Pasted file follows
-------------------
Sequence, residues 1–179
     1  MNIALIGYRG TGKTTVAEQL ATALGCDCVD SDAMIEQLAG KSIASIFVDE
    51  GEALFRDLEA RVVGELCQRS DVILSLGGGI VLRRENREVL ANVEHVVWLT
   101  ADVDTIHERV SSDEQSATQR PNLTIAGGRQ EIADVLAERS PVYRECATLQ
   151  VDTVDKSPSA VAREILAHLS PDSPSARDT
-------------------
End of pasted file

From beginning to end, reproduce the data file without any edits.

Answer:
Sequence, residues 1–179
     1  MNIALIGYRG TGKTTVAEQL ATALGCDCVD SDAMIEQLAG KSIASIFVDE
    51  GEALFRDLEA RVVGELCQRS DVILSLGGGI VLRRENREVL ANVEHVVWLT
   101  ADVDTIHERV SSDEQSATQR PNLTIAGGRQ EIADVLAERS PVYRECATLQ
   151  VDTVDKSPSA VAREILAHLS PDSPSARDT